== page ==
223

Eugene Lee: equilibrium

Jeff Dayton-Johnson By

Sign in to view read count
Eugene Lee: equilibrium On this solo disc, his third, Portland, Oregon-based saxophonist Eugene Lee marks a further step in the disciplined path that led through his last release, Meditations (Pure Potentiality, 2008).

equilibrium (all the titles are in lower-case, e.e. cummings-like) shares some elements of Meditations, notably the presence of Lee alone and the liberal use of electronics to generate a wealth of sonic variety: echo, loops, distortion. While the earlier record depicted the various states of the mind during meditation, this recording opts for less programmatic themes, and fewer, longer numbers. The electronics, meanwhile, are live this time round, relying on guitar pedals to modify the signal.

"rain" charts the progress of a rainstorm, with electronic effects approximating rainfall and thunder. Unlike, say, Beethoven's celebrated version of a thundershower in his Symphony No. 6 (Pastoral), Lee doesn't present the storm as a story with an anthropomorphic narrative arc: Lee's storm ebbs and flows, quiets down and gets loud again, just like rainstorms do. Ultimately, the storm passes. At various junctures, Lee's saxophone returns to a repeated melodic fragment, which lends unity and coherence to the performance.

"clarity," too, returns to a melodic center amidst the swirling effects set in motion by the electronics, though perhaps less successfully than on "rain." This longest of the three compositions suggests a tumultuous quest for the clarity of the title, though the long sustained, harmonic chord at the end sounds like success— much like the seated meditator, who was the protagonist of Lee's previous disc, finally calming his or her "monkey mind." "unity," finally, is an affecting solo soprano saxophone performance without electronic embellishment.

Lee's long performances draw a lesson from the late classical composer Toru Takemitsu, who once likened the progression of his pieces to walking through a garden: roughly speaking, you keep walking, but sometimes you turn back to have another look at that rose bush or that statue. That's a good way to write about a storm. The music on this disc is challenging material, at the juncture of improvised jazz and electronic music, at times bordering on cacophony. But it is challenging material made welcoming and familiar by that gesture of going back and having another look at that rose bush.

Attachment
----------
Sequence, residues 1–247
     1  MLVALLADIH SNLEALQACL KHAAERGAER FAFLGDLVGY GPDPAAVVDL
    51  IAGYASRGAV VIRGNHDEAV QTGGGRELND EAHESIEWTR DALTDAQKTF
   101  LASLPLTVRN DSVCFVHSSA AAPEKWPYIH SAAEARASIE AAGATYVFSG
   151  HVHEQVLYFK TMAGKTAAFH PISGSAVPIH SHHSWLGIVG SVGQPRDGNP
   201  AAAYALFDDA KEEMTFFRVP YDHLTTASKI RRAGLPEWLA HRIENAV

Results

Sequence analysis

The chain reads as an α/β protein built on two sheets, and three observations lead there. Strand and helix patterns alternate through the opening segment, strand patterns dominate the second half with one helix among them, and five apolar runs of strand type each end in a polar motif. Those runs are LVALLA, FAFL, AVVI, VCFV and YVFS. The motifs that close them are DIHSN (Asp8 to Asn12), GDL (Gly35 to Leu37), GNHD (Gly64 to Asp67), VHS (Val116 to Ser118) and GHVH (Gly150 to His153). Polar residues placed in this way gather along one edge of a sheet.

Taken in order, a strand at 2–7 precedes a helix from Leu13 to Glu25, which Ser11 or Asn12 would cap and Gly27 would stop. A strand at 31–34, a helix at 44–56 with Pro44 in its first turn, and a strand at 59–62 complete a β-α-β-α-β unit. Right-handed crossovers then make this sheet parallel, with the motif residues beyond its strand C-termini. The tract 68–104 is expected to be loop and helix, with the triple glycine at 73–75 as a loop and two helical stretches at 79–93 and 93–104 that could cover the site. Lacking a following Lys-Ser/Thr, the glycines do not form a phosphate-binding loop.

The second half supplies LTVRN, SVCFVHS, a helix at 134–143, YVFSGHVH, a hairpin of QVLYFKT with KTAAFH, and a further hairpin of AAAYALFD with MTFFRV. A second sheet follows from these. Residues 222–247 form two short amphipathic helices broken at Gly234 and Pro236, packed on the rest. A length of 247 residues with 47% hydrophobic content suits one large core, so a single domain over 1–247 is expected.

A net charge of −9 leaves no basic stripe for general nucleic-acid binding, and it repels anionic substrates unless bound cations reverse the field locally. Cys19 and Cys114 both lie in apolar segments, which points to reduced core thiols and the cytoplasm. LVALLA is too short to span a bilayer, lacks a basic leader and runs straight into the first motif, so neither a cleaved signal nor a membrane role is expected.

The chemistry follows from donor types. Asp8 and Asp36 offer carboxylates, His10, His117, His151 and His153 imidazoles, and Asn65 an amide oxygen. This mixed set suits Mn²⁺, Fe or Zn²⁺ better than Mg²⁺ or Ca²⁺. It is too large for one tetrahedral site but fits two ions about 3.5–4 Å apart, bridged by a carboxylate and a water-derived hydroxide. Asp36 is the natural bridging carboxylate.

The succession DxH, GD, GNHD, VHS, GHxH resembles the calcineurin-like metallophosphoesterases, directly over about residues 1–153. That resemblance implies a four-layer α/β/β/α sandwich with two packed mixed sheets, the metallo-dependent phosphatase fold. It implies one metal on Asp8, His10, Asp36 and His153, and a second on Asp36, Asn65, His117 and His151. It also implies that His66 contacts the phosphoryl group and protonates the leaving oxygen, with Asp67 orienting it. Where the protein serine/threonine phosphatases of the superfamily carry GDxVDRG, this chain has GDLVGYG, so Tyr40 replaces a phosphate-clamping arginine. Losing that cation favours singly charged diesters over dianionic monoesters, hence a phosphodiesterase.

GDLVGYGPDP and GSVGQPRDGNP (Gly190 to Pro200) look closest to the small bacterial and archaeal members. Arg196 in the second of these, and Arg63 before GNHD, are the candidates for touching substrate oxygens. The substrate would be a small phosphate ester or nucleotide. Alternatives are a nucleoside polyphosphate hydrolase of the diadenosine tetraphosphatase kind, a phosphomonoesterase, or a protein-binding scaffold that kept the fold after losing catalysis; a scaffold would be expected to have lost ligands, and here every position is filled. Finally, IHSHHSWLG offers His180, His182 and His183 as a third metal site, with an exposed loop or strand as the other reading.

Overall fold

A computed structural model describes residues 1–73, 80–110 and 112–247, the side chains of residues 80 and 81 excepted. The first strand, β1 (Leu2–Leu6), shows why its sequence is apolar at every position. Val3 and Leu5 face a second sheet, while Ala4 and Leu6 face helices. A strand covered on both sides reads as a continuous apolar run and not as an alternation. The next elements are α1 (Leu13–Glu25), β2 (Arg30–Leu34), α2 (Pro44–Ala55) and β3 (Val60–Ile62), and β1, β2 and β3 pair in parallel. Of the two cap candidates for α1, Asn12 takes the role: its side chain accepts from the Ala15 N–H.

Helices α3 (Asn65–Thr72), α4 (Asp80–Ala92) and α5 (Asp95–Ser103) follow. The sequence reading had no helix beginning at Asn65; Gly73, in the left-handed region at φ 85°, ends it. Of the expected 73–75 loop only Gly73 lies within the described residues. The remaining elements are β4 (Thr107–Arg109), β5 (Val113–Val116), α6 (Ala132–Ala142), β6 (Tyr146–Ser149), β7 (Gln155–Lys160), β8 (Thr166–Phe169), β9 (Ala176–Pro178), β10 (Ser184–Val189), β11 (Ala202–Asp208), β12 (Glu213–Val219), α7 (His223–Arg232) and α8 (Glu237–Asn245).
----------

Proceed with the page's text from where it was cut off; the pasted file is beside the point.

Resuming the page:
Track Listing: Rain; Clarity; Unity.

Personnel: Eugene Lee: soprano saxophone, electronics.

Year Released: 2009 | Record Label: Pure Potentiality Records | Style: Free Improv/Avant-Garde


Shop

More Articles

Read Fellowship CD/LP/Track Review Fellowship
by Dan Bilawsky
Published: February 22, 2017
Read E.S.T. Symphony CD/LP/Track Review E.S.T. Symphony
by Karl Ackermann
Published: February 22, 2017
Read June CD/LP/Track Review June
by Dan McClenaghan
Published: February 22, 2017
Read The Invariant CD/LP/Track Review The Invariant
by Mark Sullivan
Published: February 22, 2017
Read Akua's Dance CD/LP/Track Review Akua's Dance
by Dan Bilawsky
Published: February 21, 2017
Read Daylight Ghosts CD/LP/Track Review Daylight Ghosts
by Mark Sullivan
Published: February 21, 2017
Read "I Go Back Home: A Story About Hoping And Dreaming" CD/LP/Track Review I Go Back Home: A Story About Hoping And Dreaming
by Dan Bilawsky
Published: September 21, 2016
Read "Alchemist" CD/LP/Track Review Alchemist
by Roger Farbey
Published: February 1, 2017
Read "Music Box Music" CD/LP/Track Review Music Box Music
by Dan McClenaghan
Published: February 8, 2017
Read "George DeLancey" CD/LP/Track Review George DeLancey
by James Nadal
Published: August 23, 2016
Read "Jungle: Live At Okuden" CD/LP/Track Review Jungle: Live At Okuden
by John Sharpe
Published: November 17, 2016
Read "2-Man Jazz Band" CD/LP/Track Review 2-Man Jazz Band
by Budd Kopman
Published: November 27, 2016

Post a comment

comments powered by Disqus

Sponsor: ECM Records | BUY NOW  

Support our sponsor

Support All About Jazz's Future

We need your help and we have a deal. Contribute $20 and we'll hide the six Google ads that appear on every page for a full year!

Buy it!